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A second ERCP was performed 5 days after ESWL (Figure 8). By this stage she had already had reduction in pain. The pancreatic stent was removed with a snare and pancreatic duct cannulated with a sphincterotome. A pancreatogram was obtained showing dilatation of the main duct to 8mm, but complete filling to the tail.

There was no stone, stricture or obstruction evident. The duct was trawled with a 9mm extraction balloon confirming a clear duct. A single pigtail stent 7fr 7cm length was then placed to ensure drainage and reduce the risk of pancreatitis (Figure 9) associated with pancreatic instrumentation. The pancreatic stent was removed 2 weeks later at upper GI endoscopy.

Figure 8. ERCP—pancreatogram

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Figure 9. ERCP—pancreatic stent

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At follow-up about 5 weeks after ESWL, abdominal pain and anorexia had resolved and she was feeling stronger on a daily basis.

Discussion

It was initially thought that this patient’s symptoms represented a combination of gastro-oesophageal reflux, Helicobacter gastritis and irritable bowel syndrome. Although she did have these problems, her ongoing epigastric pain and abnormal pancreas drew attention to the pancreas. Despite evidence for chronic pancreatitis, there was no history of preceding acute pancreatitis.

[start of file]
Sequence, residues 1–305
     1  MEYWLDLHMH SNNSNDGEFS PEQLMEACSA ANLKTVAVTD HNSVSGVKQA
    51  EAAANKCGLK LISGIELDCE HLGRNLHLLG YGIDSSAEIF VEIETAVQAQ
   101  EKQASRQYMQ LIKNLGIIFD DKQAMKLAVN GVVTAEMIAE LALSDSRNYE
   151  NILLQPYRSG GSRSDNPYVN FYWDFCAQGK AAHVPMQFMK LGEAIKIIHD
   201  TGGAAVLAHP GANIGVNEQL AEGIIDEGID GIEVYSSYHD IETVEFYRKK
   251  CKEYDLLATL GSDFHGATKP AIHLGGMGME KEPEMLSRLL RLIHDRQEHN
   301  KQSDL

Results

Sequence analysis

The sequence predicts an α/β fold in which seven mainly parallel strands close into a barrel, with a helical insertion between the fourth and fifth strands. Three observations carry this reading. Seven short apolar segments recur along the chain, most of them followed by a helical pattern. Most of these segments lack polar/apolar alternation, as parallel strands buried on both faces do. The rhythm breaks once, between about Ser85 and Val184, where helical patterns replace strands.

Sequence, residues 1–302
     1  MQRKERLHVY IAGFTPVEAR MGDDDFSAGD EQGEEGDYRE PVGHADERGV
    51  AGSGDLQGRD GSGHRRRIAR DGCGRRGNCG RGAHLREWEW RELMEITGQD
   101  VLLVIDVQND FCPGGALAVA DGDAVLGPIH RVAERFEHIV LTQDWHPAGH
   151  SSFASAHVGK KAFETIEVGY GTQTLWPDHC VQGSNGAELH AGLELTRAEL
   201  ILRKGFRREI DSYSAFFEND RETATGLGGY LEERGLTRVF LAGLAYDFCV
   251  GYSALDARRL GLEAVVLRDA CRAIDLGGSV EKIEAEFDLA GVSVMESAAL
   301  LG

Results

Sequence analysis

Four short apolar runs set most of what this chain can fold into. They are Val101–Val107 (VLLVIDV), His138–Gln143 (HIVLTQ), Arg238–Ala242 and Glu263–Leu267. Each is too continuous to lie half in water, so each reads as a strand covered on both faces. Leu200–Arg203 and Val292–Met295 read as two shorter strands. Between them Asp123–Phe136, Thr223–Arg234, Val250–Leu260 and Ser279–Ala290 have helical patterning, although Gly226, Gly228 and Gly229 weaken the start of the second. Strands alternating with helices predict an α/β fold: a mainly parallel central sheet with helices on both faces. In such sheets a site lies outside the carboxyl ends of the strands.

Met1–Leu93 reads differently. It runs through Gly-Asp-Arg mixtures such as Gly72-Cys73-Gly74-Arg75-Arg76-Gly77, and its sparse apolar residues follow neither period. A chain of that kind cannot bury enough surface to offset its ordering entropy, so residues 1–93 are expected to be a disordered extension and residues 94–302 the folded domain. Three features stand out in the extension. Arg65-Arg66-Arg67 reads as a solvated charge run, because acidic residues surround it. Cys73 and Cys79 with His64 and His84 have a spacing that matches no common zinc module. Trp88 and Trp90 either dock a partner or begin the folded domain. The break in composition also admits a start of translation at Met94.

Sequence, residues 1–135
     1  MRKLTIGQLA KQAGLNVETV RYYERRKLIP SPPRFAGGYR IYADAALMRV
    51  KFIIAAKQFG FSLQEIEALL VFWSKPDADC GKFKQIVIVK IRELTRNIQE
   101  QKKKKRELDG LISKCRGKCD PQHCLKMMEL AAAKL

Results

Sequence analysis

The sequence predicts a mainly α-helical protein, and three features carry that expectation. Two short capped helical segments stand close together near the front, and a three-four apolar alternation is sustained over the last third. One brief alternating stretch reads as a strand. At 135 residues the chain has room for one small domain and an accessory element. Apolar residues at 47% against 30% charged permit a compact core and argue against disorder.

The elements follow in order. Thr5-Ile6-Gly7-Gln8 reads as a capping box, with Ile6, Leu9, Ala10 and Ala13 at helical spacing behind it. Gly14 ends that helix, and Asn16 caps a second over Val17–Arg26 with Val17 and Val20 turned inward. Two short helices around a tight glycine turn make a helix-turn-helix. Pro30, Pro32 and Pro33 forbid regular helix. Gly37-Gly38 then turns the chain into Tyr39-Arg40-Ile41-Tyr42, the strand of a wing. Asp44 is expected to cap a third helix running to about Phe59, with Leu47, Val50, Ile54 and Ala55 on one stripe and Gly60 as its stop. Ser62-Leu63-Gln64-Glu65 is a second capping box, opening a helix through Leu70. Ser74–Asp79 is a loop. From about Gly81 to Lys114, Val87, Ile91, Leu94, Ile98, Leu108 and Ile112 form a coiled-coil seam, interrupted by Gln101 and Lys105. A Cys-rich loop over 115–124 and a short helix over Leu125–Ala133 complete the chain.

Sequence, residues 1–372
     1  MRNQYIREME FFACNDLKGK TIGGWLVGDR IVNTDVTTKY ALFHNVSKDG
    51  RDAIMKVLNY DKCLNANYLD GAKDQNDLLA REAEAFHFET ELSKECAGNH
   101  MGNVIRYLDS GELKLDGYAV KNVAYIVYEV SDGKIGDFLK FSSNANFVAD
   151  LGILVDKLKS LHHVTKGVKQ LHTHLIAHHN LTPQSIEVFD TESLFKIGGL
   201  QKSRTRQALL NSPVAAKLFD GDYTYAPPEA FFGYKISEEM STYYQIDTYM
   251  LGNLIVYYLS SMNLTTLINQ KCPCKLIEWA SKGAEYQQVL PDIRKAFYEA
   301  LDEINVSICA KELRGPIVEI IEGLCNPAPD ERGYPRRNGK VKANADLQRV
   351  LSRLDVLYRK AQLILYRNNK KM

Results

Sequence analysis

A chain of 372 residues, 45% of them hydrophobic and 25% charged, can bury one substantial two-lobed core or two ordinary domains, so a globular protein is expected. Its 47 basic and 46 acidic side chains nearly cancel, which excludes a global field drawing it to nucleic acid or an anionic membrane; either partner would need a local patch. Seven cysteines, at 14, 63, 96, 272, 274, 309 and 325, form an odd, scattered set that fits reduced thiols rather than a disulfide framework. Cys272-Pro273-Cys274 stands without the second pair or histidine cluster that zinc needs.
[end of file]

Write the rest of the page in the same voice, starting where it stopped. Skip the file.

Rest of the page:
It was assumed her pain and systemic symptoms arose from stone obstruction of the main pancreatic duct. It was anticipated that there may be residual fragments and a stricture following ESWL. However at the second ERCP the pancreatic duct was mildly dilated with no other pathology present. The stone was very effectively treated by ESWL. The patient is doing very well without need for further intervention. She is however at increased risk of pancreatic cancer and ongoing surveillance with tumour markers and imaging is planned.

ERCP can be technically challenging and pancreatic endotherapy is usually performed by advanced endoscopists only.Endoscopic stone removal alone can have limited success, due to stone location, burden, and presence of strictures in the pancreatic duct.7 In chronic calcific pancreatitis, the main goals of therapy are to relieve pain by decompression of the main pancreatic duct, primarily by removing stones or treating strictures.8